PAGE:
Prize Competition: Diversifying Analytic Theology

Here is a new prize competition that may be of interest to some blog readers, especially those working on topics such as theism in Nyāya or Vedānta, atheism in Buddhism or Mīmāṃsā, Cārvāka, Jainism, Kashmir Śaivism, South Asian Islam, Sikhism, modern Indian philosophy, and other topics.

From the announcement on the Blog of the APA:

Thanks to funding from the American Philosophical Association’s Diversity and Inclusiveness Fund, the editors of the Journal of Analytic Theology are pleased to announce a prize competition for the best paper in analytic theology of an underrepresented religious or theological tradition.

With “underrepresented” we mean a paper outside of traditional forms of orthodox Christianity. In particular, we are looking for papers drawing on traditions including, but not limited to the following: Islam, Judaism, Buddhism, Taoism, Shinto, Hinduism, (neo)Paganism.

Every eligible submission will be considered for the prize of USD 500, and for inclusion in a special issue of the Journal of Analytic Theology. The special issue will contain the winning essay, as well as other essays that have received a positive evaluation. A board of experts with a broad range of specialisms in various theological traditions will evaluate the entries.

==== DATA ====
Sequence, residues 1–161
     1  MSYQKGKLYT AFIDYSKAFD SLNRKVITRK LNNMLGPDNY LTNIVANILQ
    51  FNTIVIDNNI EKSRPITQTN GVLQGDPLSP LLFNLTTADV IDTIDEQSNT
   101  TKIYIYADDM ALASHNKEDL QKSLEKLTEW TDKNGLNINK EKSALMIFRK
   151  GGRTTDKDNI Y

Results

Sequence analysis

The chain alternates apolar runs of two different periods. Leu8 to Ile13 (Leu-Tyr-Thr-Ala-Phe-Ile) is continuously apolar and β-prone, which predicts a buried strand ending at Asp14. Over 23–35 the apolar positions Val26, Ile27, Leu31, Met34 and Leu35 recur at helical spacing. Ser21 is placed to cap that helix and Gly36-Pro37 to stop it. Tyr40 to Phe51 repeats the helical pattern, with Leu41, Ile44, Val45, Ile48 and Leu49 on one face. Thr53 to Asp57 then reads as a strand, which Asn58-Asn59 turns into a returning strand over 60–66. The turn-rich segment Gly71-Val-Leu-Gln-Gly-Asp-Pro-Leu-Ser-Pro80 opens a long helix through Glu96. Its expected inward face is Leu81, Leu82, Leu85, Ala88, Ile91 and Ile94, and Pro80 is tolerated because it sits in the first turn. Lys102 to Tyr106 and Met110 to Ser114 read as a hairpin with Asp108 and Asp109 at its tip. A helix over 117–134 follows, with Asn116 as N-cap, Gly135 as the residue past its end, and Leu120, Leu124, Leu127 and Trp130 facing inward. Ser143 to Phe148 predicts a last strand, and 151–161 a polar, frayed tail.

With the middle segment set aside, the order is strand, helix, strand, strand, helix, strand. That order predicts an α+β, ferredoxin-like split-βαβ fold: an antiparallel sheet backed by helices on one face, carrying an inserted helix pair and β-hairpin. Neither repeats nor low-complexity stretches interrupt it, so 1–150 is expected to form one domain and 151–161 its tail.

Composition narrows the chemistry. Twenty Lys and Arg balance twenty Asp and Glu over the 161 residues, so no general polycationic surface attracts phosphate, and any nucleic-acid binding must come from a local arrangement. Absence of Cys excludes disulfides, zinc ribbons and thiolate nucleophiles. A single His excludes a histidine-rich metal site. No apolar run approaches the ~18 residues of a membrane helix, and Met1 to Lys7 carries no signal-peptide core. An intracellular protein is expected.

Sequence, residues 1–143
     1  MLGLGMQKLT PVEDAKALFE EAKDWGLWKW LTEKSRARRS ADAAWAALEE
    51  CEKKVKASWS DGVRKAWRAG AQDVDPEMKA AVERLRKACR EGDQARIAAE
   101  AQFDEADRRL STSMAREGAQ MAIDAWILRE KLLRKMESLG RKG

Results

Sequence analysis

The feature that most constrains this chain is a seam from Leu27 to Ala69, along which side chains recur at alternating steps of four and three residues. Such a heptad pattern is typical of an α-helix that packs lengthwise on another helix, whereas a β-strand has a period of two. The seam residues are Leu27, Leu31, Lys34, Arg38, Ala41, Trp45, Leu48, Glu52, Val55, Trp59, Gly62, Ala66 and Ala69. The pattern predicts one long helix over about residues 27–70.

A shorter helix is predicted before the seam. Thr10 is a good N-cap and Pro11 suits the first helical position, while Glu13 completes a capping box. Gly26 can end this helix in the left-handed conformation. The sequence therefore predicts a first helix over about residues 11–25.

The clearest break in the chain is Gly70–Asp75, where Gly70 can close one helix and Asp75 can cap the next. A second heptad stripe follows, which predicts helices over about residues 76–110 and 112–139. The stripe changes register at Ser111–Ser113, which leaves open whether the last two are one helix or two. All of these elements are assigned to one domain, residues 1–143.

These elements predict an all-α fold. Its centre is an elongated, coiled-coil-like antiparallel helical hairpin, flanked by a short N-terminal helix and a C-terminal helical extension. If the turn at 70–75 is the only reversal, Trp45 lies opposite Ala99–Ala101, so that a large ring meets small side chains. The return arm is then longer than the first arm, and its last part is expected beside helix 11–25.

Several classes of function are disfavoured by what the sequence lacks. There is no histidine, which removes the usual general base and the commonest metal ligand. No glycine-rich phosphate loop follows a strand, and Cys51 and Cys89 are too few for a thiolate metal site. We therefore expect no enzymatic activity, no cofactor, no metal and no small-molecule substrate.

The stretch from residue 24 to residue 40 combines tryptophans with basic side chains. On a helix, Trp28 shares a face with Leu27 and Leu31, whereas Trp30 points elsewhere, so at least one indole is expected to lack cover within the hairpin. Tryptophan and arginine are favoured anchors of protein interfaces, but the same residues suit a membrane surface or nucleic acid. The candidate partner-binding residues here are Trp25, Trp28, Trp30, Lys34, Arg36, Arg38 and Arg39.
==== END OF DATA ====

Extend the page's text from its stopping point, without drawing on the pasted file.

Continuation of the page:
To compete for this prize competition, please send your paper to with the subject line “Diversity APA prize competition” by October 1st, 2019.

There is more information on the Blog of the APA.

3 Replies to “Prize Competition: Diversifying Analytic Theology”

  1. Has Jainism been deliberately left out or is just an oversight. I think it would be fair to explicitly include this as well.

    • It is an unfortunate oversight on my part. Thank you for pointing this out. I apologize and will change it! I doubt it’s a deliberate exclusion on the part of the contest organizers. My sense is that they are trying to be as inclusive as possible, although I could easily imagine there being some confusion about what counts as “theology” in the Indian tradition. You could email them to be sure.

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